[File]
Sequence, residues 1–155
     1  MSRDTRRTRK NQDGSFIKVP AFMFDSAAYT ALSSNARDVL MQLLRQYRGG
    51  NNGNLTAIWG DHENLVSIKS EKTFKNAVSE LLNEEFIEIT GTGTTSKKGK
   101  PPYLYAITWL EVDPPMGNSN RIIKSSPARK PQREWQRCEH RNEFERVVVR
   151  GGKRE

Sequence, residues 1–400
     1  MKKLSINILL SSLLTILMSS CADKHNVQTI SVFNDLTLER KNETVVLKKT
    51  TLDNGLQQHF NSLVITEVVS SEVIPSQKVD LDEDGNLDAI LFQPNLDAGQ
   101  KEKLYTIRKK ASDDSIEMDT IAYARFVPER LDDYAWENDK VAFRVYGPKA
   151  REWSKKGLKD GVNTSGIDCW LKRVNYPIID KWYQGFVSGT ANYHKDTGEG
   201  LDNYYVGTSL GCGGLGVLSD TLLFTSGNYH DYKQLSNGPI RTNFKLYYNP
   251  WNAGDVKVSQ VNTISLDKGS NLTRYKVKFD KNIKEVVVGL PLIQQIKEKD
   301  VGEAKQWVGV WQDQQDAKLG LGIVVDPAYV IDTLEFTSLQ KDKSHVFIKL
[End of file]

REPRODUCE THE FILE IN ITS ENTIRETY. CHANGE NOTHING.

Sequence, residues 1–155
     1  MSRDTRRTRK NQDGSFIKVP AFMFDSAAYT ALSSNARDVL MQLLRQYRGG
    51  NNGNLTAIWG DHENLVSIKS EKTFKNAVSE LLNEEFIEIT GTGTTSKKGK
   101  PPYLYAITWL EVDPPMGNSN RIIKSSPARK PQREWQRCEH RNEFERVVVR
   151  GGKRE

Sequence, residues 1–400
     1  MKKLSINILL SSLLTILMSS CADKHNVQTI SVFNDLTLER KNETVVLKKT
    51  TLDNGLQQHF NSLVITEVVS SEVIPSQKVD LDEDGNLDAI LFQPNLDAGQ
   101  KEKLYTIRKK ASDDSIEMDT IAYARFVPER LDDYAWENDK VAFRVYGPKA
   151  REWSKKGLKD GVNTSGIDCW LKRVNYPIID KWYQGFVSGT ANYHKDTGEG
   201  LDNYYVGTSL GCGGLGVLSD TLLFTSGNYH DYKQLSNGPI RTNFKLYYNP
   251  WNAGDVKVSQ VNTISLDKGS NLTRYKVKFD KNIKEVVVGL PLIQQIKEKD
   301  VGEAKQWVGV WQDQQDAKLG LGIVVDPAYV IDTLEFTSLQ KDKSHVFIKL